June 28 (Reuters) – Iran may be Russia’s ally in the Syrian conflict but when it comes to oil, Tehran’s arch-enemy Saudi Arabia takes precedence.
Iran had been pushing hard for oil producers to hold output steady as U.S. sanctions are expected to hit its exports.
But Saudi Arabia and Russia had other ideas. According to three sources close to OPEC and Russia, the world’s two biggest oil exporters agreed in May to work hand in glove to engineer a sizeable increase in oil output – albeit for different reasons.
Russia and Saudi Arabia have effectively sidelined OPEC, driving policy for their own geopolitical ends.
With their end game in mind, Russia first proposed that the combined output of OPEC countries and non-OPEC allies, such as itself, should jump 1.5 million barrels a day (bpd) from July. Their tactic was for Saudi Arabia to then suggest a more modest rise of less than 1 million barrels in the hope it would be acceptable to Iran, the three sources told Reuters.
Saudi Arabia was keen to raise output to meet calls from U.S President Donald Trump and major consumers such as India and China to help cool oil prices and avoid shortages, according to Saudi officials including Energy Minister Khalid al-Falih.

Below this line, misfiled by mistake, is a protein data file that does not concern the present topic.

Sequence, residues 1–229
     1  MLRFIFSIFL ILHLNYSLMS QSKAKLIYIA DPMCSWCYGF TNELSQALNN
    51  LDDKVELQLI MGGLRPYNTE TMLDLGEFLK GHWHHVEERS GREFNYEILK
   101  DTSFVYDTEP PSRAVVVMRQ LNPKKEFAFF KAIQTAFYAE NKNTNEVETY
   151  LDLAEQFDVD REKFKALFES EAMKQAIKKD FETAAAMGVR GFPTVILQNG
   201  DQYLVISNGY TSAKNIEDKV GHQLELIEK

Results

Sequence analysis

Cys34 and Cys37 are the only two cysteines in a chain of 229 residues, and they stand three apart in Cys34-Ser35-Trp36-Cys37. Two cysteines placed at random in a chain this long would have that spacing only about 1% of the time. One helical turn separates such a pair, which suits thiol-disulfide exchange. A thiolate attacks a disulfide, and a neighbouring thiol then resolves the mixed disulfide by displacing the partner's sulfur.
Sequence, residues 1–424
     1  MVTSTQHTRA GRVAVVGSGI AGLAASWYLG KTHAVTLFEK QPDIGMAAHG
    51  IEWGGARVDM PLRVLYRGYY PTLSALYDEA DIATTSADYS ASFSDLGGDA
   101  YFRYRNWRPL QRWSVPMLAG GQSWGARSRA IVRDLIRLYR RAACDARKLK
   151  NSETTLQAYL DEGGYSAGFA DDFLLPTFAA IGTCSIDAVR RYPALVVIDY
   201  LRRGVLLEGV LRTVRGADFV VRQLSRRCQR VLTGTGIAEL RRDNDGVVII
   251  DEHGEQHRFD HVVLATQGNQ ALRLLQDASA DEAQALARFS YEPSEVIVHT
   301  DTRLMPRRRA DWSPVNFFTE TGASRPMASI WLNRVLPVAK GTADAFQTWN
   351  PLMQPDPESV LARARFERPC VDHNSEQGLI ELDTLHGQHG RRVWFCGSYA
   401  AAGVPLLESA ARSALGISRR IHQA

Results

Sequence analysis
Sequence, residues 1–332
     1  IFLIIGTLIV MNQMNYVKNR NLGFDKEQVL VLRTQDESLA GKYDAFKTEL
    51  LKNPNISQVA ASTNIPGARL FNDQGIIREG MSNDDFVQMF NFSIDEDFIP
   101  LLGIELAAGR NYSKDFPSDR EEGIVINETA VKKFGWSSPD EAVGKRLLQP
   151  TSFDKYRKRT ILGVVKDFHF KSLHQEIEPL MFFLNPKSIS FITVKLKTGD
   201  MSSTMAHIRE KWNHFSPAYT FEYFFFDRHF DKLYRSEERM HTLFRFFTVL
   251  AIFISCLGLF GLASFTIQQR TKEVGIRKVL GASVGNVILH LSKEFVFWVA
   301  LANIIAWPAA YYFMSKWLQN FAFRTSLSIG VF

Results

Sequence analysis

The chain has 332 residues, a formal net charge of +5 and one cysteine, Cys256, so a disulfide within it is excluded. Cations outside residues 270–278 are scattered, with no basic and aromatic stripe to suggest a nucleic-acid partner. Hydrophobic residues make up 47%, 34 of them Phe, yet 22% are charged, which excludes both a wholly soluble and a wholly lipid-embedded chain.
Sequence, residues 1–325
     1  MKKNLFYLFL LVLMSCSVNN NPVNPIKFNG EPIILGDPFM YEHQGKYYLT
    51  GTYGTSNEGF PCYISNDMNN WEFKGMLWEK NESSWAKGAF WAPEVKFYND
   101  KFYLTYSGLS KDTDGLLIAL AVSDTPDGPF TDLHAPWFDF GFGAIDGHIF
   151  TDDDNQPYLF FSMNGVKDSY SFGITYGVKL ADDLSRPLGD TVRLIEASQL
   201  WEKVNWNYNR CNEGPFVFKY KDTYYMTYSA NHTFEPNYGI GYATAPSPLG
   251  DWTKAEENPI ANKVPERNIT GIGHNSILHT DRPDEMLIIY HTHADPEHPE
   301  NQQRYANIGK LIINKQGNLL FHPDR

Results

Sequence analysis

Russia, meanwhile, was under pressure from its own energy companies to lift caps on output and fight a steep rise in domestic fuel prices that was hurting President Vladimir Putin’s popularity, according to two Russian oil industry sources.
In the end, Saudi Arabia pushed through a rise of 1 million bpd at the Vienna meeting, in line with the plan it had agreed with Moscow more than a month earlier.
Saudi Arabia insisted as recently as April it was too soon to open the taps but Riyadh made a U-turn after its ally the United States called on OPEC to boost supplies.
With Russia on the same wavelength for its own reasons, Iran had to be persuaded. But it was not without a fight, and some arm-twisting from Riyadh and Moscow, OPEC sources said.
A day before the official OPEC meeting on Friday, Iranian Oil Minister Bijan Zanganeh stormed out of a gathering of OPEC and non-OPEC allies saying there would be no agreement.
But a last minute conversation on Friday morning with Falih and Saudi minister of state for energy affairs Prince Abdulaziz helped convince Zanganeh, according to three OPEC sources.
If Zanganeh refused to sign up, Iran risked being isolated by other producers who would increase production anyway, sources said.
Zanganeh was also told if the deal was blocked by Iran, it may lead to the withdrawal of Russia from the agreement, the sources said. One of Tehran’s closest allies, Moscow is helping Iran fight to keep Syrian President Bashar al-Assad in power.
“We have 24 countries in the agreement, they can always be 23,” one of the OPEC sources said.
Kuwait, Oman and the United Arab Emirates also participated in efforts to convince Iran, according to OPEC sources.
The Saudi announcement took most OPEC members – and especially Iran – by surprise.